First, download gibmacOS from the Github page by clicking the green code button and clicking “Download zip”. Keep in mind that this script will require Python to be installed, however the app will prompt you to install it.

Next, extract the zip, and open the gibmacOS file that is related to your operating system. (gibmacOS.bat for Windows, gibmacOS.command for Mac and gibmacOS for Linux or universal.) Once you install Python and finish loading, hit the R key on your keyboard and hit enter, to switch the downloader to “Recovery-Only” mode. This will let us get smaller images to save bandwidth for the time being.

After that, once it loads all the macOS Installers, select the version you want. For this guide we’ll be using Catalina, so we type 28 into the prompt, and hit enter.

Once we’re done with that, the installer will start downloading, and we will get to the next step, which is burning the installer to our USB drive. For this we need to open the MakeInstall.py file that came with gibmacOS. Follow the onscreen guide, and burn the installer to your USB drive. This will make two partitions on your USB, the EFI and the Installer.

Next up, setting up our EFI.

Setting up the EFI folder

The EFI is basically what holds all our drivers, ACPI tables, and more. This is where the fun begins. We will need four things to setup our EFI.

  • Our drivers
  • Our SSDT and DSDT files (ACPI tables)
  • Our Kexts (kernel extensions)
  • Our config.plist file (system configuration)

To get these, we normally recommend the Dortania OpenCore Install guide, linked here. However, we will list the required kexts here anyway.

For Ryzen Hackintoshes, these are the required Drivers, Kexts and SSDT/DSDT files. All of the files are linked in their name.

Drivers

Kexts

  • AppleALC/VoodooHDA (Due to limitations with Ryzen, on AppleALC your onboard inputs will not work, and VoodooHDA has worse quality.)
  • AppleMCEReporterDisabler (Disables the MCE Reporter in macOS, required for macOS 12. Do not use on 11 and below.)
  • Lilu (Kernel patcher, required on all versions.)
  • VirtualSMC (Emulates the SMC chipset found on real Macs. Required on all versions.)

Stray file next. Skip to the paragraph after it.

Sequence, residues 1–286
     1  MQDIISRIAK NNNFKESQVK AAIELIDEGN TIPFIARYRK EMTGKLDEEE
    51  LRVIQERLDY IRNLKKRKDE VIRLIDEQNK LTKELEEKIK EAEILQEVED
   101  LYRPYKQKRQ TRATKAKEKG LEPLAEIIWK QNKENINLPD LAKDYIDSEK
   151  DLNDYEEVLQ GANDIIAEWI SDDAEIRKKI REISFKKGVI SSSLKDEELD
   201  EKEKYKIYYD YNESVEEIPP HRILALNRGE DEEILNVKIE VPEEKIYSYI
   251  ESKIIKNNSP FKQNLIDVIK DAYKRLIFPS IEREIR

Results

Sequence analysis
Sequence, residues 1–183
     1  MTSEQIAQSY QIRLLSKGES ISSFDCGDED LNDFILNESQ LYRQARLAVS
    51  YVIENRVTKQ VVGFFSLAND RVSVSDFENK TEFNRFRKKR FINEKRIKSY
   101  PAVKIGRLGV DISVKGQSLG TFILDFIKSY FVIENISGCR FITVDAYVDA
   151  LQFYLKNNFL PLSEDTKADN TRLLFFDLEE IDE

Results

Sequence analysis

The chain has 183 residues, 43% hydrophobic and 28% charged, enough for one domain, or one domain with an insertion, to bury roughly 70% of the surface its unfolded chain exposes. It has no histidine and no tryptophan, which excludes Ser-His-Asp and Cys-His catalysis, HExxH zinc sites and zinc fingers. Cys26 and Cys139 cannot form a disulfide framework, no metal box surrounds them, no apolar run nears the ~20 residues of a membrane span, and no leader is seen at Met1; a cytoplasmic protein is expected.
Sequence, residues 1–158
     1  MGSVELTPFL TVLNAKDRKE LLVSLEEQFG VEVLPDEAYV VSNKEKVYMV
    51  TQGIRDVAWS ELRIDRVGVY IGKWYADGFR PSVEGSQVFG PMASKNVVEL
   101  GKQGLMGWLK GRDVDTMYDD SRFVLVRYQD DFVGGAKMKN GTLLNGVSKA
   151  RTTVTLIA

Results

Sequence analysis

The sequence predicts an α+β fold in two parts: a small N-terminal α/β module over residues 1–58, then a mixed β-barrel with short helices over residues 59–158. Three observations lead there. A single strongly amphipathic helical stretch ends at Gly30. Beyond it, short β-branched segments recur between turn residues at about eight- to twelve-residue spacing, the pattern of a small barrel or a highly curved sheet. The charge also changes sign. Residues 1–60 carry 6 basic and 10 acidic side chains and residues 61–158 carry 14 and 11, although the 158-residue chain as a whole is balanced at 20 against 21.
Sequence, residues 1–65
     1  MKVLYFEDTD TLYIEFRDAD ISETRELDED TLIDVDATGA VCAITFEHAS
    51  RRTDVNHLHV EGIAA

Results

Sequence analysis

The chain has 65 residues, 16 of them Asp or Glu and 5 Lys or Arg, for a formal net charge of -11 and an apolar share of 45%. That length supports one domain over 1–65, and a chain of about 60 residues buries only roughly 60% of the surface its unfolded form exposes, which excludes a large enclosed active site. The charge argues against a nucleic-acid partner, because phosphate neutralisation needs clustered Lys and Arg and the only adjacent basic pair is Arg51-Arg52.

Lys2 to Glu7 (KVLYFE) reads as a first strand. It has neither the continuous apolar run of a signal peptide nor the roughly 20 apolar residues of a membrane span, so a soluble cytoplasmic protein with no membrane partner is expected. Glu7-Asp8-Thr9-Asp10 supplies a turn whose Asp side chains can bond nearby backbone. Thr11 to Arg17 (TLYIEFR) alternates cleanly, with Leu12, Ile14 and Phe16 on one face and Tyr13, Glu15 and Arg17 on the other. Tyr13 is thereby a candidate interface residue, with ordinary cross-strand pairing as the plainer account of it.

• WhateverGreen (Basically a graphics driver patcher.)
  • RealtekRTL8111 (Realtek ethernet driver. Most AMD motherboards use this, however if yours is different, replace with according kext.)

SSDT/DSDT

Once you have all of these files, download the OpenCorePkg, and extract the EFI from the X64 folder inside the zip, and set up the OC folder inside the EFI according to the files you downloaded. Here is a reference.

Once you’ve set up and cleaned your EFI, its time for the config.plist setup. We won’t be going into detail on how to do this since it depends on your hardware, and isn’t a one-stop-solution for all devices. You can follow the Dortania guide’s config.plist setup section for this. From this point on, we’ll be considering that you set up your configuration accordingly and put it in the EFI folder.

Once you’re done with all that, you have a working USB for your Ryzen Hackintosh. Plug it into your Ryzen Hackintosh, boot into the USB, and install macOS as you would on a real Mac. Note that the setup will take a while, and your computer will reboot a lot. Do not leave it unsupervised, as it might crash a few times as well. Once the setup is done, you will (hopefully) be greeted with a screen similar to this.

And, we’re done! You have a working Ryzen Hackintosh! Finish the setup, check what is and isn’t working, and go hunting for more Kext files and solutions if anything isn’t working. But, you have officially gotten through the hard part of the setup. The rest is quite easy. We will link the EFI we used for 2nd and 3rd Generation Ryzen 5 down below, so that if you have a 6 core CPU and similar motherboard, you can try it out without going through the hell of setting up an EFI, though we do not encourage the use of this EFI due to instability and being a generic EFI.

So, what do you think about this guide? Will you be making a Ryzen Hackintosh any time soon? Let us know in our Telegram channel, which you can join here.